Ábalos & Herreros constructed landscapes—or, more precisely, assembled them—by crudely juxtaposing a cast of semi-familiar characters. Novel to Spanish architecture in the 1980s, this pragmatic method of appropriation was developed and consistently employed as part of their design process. Borrowing, incorporating and transforming allowed Ábalos & Herreros to absorb the Modernist canon, and to introduce a wide variety of architectural and visual art references. Their language of assemblage is vivid, dynamic and non-dogmatic. The collage here is not only a form of representation, but also a means of production.

Ábalos & Herreros developed landscape projects in areas that had remained largely out of view. This new, liberated landscape—a direct result of the socio-economic conditions that were shaping Spain following the end of the Franco regime—shifted attention from the centre to the periphery. They actively chose to redefine these sites and to make them subjects of concern for the architect. These new programmatic interests included waste and recycling centres, sports and (nudist) recreation sites, harbours, highways and airports. Through this process of appropriation, Ábalos & Herreros generated a number of architectural characters: the shed, the double tower, the environmental structure, the machinic device and the pattern. They introduced these characters again and again in various proposals to populate, animate and activate new contexts, from the derelict industrial harbour of Bilbao to the undeveloped rural area of Valdemingómez.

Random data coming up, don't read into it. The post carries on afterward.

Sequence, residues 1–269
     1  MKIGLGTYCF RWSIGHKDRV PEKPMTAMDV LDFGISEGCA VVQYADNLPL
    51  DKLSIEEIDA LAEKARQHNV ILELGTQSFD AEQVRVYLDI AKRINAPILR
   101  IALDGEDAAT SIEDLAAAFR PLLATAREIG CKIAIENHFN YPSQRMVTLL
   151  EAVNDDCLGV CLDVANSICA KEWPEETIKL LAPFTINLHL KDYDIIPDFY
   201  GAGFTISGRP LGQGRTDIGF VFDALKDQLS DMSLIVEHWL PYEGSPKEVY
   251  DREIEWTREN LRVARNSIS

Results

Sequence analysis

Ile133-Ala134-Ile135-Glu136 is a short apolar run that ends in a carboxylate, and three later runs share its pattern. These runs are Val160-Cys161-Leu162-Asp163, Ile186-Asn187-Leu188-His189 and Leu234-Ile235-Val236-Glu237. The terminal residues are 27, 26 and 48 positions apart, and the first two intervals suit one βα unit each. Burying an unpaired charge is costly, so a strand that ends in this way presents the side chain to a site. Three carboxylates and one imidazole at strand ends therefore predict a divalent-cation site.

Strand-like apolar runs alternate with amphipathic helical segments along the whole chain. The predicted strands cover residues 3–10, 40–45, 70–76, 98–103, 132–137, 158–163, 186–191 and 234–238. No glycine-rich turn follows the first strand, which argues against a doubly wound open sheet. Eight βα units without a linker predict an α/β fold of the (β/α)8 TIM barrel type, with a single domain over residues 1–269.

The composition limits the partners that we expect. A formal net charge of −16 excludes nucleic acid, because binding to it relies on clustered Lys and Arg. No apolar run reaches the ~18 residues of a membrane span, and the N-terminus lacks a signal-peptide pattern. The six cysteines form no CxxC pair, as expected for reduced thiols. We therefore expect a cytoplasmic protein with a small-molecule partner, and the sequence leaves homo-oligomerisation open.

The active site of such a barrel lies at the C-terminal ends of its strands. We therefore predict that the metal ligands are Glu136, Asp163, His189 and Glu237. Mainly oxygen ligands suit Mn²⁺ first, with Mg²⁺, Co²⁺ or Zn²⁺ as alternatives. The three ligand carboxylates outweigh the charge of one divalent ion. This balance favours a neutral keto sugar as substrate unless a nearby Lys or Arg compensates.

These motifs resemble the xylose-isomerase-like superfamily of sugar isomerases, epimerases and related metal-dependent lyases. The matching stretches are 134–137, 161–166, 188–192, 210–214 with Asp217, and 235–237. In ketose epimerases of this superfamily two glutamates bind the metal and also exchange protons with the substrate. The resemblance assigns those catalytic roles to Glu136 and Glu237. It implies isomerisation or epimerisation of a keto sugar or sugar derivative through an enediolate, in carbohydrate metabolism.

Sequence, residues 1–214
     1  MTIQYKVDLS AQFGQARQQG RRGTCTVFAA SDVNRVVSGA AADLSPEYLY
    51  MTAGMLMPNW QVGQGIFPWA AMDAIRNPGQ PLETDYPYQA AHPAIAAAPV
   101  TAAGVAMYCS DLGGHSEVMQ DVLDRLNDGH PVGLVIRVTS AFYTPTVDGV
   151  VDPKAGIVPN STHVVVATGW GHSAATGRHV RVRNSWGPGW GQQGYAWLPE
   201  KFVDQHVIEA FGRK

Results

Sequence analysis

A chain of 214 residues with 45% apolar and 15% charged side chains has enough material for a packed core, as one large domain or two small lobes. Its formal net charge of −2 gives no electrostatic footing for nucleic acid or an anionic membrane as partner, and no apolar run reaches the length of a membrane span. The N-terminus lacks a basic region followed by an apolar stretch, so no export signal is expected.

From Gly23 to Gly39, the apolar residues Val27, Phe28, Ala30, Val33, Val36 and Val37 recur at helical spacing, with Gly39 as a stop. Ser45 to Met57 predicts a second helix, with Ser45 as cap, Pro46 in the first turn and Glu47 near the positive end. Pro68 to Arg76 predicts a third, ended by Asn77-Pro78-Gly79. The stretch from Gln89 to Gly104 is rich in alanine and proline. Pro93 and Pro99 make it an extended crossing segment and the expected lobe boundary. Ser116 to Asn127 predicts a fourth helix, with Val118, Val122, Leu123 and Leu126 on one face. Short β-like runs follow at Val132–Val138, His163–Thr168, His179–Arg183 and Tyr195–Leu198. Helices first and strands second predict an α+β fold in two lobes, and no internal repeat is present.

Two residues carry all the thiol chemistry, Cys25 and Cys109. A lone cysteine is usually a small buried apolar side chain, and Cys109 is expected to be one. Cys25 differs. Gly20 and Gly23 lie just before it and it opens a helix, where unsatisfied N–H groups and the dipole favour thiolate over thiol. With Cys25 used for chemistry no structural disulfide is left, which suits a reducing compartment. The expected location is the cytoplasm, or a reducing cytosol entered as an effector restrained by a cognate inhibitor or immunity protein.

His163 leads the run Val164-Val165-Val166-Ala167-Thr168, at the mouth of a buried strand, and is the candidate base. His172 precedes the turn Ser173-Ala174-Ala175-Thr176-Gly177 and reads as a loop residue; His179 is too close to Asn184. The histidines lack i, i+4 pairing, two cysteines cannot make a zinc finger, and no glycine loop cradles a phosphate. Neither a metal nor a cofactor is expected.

The characters, initially site-less and “pure” start to coalesce; the soup gets thicker and murkier and the resolution intensifies. No longer able to operate autonomously, the landscape becomes an interrelated system, a hybrid of the natural and the artificial that is hyperreal. It is a new nature, made an integral part of the architectural proposition.